The Solak Seven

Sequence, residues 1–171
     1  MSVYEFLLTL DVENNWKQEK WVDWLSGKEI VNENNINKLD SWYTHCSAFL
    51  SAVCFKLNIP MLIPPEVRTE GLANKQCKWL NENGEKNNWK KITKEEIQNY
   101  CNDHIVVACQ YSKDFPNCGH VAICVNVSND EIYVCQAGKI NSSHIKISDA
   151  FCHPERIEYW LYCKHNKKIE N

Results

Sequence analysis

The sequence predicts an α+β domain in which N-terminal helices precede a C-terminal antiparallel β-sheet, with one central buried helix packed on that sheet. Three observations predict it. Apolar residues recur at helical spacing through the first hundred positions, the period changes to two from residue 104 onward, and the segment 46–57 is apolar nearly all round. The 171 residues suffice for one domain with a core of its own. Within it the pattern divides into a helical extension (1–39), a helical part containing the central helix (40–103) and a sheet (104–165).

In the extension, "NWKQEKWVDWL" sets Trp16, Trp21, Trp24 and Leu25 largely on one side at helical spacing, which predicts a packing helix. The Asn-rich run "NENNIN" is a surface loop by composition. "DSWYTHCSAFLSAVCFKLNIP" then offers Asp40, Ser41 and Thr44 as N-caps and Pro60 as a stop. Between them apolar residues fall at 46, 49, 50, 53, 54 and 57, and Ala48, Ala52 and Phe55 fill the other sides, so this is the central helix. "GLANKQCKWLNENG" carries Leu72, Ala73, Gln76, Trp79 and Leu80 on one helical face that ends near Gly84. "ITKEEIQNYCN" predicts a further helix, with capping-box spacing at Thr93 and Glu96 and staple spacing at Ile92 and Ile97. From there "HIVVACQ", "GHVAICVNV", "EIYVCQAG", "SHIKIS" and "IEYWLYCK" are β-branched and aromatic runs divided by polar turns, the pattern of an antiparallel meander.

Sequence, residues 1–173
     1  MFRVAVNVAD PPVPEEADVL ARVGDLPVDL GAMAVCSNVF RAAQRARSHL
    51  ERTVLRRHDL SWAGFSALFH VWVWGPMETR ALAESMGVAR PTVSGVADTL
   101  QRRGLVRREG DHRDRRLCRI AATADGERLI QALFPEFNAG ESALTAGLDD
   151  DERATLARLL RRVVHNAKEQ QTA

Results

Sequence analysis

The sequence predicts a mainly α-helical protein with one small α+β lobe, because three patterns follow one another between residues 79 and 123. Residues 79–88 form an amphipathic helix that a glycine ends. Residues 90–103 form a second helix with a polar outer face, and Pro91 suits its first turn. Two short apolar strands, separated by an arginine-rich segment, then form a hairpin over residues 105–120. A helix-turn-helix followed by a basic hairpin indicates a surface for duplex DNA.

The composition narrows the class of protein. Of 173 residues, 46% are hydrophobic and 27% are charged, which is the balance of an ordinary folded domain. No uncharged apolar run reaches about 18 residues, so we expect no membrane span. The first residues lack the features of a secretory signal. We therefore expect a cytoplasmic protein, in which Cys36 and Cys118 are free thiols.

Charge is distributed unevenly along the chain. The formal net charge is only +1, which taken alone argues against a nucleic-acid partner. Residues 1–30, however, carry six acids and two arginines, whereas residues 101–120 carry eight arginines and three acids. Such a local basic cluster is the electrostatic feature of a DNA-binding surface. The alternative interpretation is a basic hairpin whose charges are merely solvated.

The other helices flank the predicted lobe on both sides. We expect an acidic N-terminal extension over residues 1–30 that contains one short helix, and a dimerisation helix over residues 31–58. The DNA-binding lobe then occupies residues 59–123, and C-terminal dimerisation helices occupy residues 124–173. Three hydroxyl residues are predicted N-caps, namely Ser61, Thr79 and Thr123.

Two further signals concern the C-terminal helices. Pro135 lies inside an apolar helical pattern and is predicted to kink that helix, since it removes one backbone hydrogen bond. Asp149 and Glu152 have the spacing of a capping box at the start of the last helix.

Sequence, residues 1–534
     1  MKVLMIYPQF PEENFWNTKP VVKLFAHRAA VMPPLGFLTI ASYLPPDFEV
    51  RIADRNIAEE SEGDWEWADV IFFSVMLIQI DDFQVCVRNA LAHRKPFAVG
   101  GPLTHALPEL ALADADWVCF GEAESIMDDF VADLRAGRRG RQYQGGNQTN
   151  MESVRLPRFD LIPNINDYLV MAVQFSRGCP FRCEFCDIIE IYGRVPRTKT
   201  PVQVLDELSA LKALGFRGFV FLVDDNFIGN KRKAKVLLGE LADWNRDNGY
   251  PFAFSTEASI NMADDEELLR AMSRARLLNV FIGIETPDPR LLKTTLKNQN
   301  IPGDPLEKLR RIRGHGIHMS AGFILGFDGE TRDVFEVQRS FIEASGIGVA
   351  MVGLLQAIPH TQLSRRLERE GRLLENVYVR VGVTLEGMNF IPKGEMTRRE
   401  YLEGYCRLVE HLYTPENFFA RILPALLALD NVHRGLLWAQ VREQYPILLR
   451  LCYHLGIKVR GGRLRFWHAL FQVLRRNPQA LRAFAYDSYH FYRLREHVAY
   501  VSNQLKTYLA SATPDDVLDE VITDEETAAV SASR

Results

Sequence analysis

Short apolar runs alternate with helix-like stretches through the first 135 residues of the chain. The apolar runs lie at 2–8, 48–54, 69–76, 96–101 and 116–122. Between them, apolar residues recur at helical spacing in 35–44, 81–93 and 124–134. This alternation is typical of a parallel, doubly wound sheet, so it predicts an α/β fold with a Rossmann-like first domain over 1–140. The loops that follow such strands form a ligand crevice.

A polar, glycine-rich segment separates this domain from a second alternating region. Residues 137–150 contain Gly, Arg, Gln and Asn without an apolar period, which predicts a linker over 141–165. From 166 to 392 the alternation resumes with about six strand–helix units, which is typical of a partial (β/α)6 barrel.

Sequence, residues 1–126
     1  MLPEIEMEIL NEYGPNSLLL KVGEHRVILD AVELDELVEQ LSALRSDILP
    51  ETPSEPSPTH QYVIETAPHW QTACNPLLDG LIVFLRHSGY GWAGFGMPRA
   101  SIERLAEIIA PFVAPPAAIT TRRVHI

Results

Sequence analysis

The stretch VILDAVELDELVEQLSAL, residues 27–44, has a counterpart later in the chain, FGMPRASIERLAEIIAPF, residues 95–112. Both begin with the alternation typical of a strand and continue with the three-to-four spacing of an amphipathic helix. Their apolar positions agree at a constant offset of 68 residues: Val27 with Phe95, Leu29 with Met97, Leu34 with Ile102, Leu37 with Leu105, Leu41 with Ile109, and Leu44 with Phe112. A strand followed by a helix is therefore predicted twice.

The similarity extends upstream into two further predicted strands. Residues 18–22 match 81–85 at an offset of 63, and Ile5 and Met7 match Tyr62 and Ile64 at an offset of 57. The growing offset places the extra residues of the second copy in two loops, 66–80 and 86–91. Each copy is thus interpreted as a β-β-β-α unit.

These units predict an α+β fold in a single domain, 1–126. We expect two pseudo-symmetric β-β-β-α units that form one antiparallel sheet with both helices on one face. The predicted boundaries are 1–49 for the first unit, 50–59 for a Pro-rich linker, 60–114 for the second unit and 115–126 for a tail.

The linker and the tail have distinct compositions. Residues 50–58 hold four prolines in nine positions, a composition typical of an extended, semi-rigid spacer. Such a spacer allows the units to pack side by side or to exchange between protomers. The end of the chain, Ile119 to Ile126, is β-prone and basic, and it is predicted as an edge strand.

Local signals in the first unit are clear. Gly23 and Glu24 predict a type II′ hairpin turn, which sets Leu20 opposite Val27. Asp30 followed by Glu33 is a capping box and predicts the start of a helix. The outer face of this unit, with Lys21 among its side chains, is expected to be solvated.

PST is now drawing to an end. I’ve been building up to this moment in my last few blogs and after Thursday I will know longer be considered a Peace Corps Trainee but instead a Peace Corps Volunteer. I will move to my permanent site on Friday and begin my twenty four months of Peace Corps Service. We finished our practicum teaching last Thursday and after three weeks of teaching I think I got pretty good at expressing my message to my students and I think they had a good time as well, but my last lesson I didn’t prepare with my partner as well as I should have and it was embarrassing! Because for forty five minutes we stood in front of the classroom and basically didn’t make sense in Armenian or English, but it was a good thing to experience because from now on I’m definitely going to prepare and practice my lessons before I teach them, but at least the other nine lessons went well. And yesterday we all went to Garni and Geghart two historical sites in Armenia. One was an old Pagan temple which had a beautiful view of the surrounding gorge and the other was a medieval monastery partially carved out of the side of a mountain. A few of us, about 15-20, are singing a song in Armenian for our swearing in on Thursday and we got to sing it in the sanctuary at Geghart which was really cool because of the echo it made. But I’ve been told I don’t sing so well so I mostly just move my lips and leave the talent to the others. And after visiting these two cultural sites my friend Dave invited us, Danny and I, to his home for dinner. After dinner Danny, Liz and I had to return to our village Solak and Liz on to Charnetsavan. During the drive there was a really cool lighting storm that was lighting up the sky all around our taxi as we sped down the road, but then we heard a loud crack and a bright light on the left side of the car. Our taxi actually got struck by lighting! Which was both scary for the reality of it and cool because who can say they’ve been struck by lighting? Don’t worry Gimme I will never go out in a lighting storm again. And one final thing to add so that you know I’m healthy. For those who remember I’m not a big fruit and vegetable fan, but Armenians all grow their own veggies and fruits so every day I have at least some kind of fruit and vegetable. And mom, believe it or not, at least once a week I eat sautéed eggplant, tomatoes, and peppers I even go back for seconds usually, its really tasty and I’m probably eating healthier then I have in the last couple of years. Cheers!